Depression is an illness that is characterized by low mood, feelings of guilt, and a general loss of interest in things. Clinical depression is a form of depressive disorder. Depression can affect anyone; it doesn’t matter who you are or where you come from.
The causes of depression are not entirely known, but it is now thought that it may be a combination of genetics, stress, hormonal changes, and inflammatory responses. The term chemical imbalance has been a simplified, made-for-TV explanation that does not necessarily reflect the causes of depression.
The symptoms of depression include but are not limited to low mood, feelings of guilt, difficulty concentrating, and general loss of interest in things (hobbies, social activities). There may be a general feeling of unhappiness, and there can be physical signs as well.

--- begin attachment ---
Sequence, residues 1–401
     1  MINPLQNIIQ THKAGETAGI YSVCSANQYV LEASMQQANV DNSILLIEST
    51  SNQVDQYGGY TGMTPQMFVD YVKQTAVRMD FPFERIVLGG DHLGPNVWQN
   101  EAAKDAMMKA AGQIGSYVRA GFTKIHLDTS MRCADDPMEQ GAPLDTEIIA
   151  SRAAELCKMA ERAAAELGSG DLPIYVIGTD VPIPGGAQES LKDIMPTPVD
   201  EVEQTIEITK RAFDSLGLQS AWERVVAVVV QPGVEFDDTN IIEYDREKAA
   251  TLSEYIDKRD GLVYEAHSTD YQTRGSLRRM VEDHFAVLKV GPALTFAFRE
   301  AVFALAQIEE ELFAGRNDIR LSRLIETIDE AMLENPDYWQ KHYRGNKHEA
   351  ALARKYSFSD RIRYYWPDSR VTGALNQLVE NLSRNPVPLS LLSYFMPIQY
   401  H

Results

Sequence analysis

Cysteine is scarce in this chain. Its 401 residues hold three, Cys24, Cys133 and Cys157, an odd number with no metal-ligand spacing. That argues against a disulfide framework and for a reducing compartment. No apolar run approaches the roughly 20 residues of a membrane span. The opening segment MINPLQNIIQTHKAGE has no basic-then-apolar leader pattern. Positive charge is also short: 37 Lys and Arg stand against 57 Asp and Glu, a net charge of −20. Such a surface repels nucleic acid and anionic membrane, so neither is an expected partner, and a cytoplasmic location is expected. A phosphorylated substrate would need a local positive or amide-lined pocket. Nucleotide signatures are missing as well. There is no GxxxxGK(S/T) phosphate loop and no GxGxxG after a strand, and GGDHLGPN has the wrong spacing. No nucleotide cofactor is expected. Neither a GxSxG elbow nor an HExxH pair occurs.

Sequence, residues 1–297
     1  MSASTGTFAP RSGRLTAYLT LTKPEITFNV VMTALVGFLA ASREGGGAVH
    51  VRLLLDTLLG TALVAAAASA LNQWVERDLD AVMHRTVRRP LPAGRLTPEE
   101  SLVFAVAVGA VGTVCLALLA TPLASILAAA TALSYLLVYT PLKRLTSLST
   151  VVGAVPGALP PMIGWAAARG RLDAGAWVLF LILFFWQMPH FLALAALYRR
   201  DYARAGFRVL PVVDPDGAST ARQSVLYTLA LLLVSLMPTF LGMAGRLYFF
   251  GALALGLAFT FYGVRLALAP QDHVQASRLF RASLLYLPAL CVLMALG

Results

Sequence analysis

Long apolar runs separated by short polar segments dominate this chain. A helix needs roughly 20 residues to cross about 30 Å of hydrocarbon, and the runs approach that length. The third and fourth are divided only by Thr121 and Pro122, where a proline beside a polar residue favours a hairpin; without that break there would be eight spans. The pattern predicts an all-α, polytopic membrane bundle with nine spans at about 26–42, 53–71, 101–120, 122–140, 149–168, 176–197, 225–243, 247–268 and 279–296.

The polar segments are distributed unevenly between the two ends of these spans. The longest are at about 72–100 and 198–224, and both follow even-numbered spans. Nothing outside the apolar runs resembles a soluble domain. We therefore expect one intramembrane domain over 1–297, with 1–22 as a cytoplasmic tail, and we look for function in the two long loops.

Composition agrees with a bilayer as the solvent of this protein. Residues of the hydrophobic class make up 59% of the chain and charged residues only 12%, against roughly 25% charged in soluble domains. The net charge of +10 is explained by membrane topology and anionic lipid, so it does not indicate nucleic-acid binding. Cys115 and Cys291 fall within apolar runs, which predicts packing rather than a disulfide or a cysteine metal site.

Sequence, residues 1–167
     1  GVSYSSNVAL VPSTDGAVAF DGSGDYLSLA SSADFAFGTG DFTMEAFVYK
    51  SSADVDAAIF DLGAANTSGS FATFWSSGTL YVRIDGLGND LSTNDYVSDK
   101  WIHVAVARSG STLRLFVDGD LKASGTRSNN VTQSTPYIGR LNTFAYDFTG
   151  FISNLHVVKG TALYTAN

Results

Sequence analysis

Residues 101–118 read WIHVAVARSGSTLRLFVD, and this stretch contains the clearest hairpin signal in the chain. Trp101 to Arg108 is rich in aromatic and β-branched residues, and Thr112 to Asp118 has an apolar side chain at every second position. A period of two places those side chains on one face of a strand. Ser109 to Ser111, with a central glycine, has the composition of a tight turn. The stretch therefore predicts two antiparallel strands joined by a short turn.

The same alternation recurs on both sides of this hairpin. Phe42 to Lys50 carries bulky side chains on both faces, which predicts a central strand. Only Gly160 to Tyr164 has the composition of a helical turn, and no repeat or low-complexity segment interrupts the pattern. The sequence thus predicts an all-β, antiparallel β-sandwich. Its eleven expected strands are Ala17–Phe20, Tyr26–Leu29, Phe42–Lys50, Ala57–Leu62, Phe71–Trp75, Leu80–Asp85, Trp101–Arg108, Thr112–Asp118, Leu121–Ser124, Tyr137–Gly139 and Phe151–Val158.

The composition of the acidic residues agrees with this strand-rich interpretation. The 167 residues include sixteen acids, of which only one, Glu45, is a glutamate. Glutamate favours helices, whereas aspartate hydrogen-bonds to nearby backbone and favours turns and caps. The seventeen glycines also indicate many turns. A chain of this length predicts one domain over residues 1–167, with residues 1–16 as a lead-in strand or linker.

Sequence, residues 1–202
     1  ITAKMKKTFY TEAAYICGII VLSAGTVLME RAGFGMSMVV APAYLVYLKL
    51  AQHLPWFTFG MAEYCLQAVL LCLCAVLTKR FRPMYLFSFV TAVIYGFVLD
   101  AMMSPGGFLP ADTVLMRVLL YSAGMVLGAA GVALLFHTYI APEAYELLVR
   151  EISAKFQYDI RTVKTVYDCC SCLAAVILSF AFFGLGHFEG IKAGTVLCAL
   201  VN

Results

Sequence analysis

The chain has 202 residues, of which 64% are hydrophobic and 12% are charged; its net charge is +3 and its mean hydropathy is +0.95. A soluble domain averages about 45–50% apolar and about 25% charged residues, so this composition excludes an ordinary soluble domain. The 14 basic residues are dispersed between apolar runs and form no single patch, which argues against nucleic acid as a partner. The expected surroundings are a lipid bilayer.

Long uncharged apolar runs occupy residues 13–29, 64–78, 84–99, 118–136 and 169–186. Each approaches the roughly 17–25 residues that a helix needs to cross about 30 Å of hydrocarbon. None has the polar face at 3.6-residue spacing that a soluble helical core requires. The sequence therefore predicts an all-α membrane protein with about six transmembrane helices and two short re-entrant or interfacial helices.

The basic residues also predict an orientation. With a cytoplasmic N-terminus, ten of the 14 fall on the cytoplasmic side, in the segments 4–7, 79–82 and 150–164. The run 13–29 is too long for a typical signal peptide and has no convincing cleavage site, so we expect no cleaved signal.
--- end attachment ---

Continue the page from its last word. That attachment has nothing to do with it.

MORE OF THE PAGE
Other physical symptoms as a result of depression may include disturbed sleep or appetite. A person suffering from depression can also experience mood swings, irritability, and low self-esteem. More serious signs of depression include thoughts of death or suicide.
The most effective treatments for depression are dietary changes, exercise, medications, psychotherapy, or, ideally, a combination of the above.
For patients who have experienced one episode of clinical depression, there is a greater than 50% chance of depression recurring. This can be diminished by taking part in ongoing treatment (exercise can be a very effective treatment and prevention strategy).
Unfortunately, nearly half of the patients who have experienced more than one episode of depression will continue to suffer ongoing cognitive difficulties, even when their depression is considered to be in partial or full remission.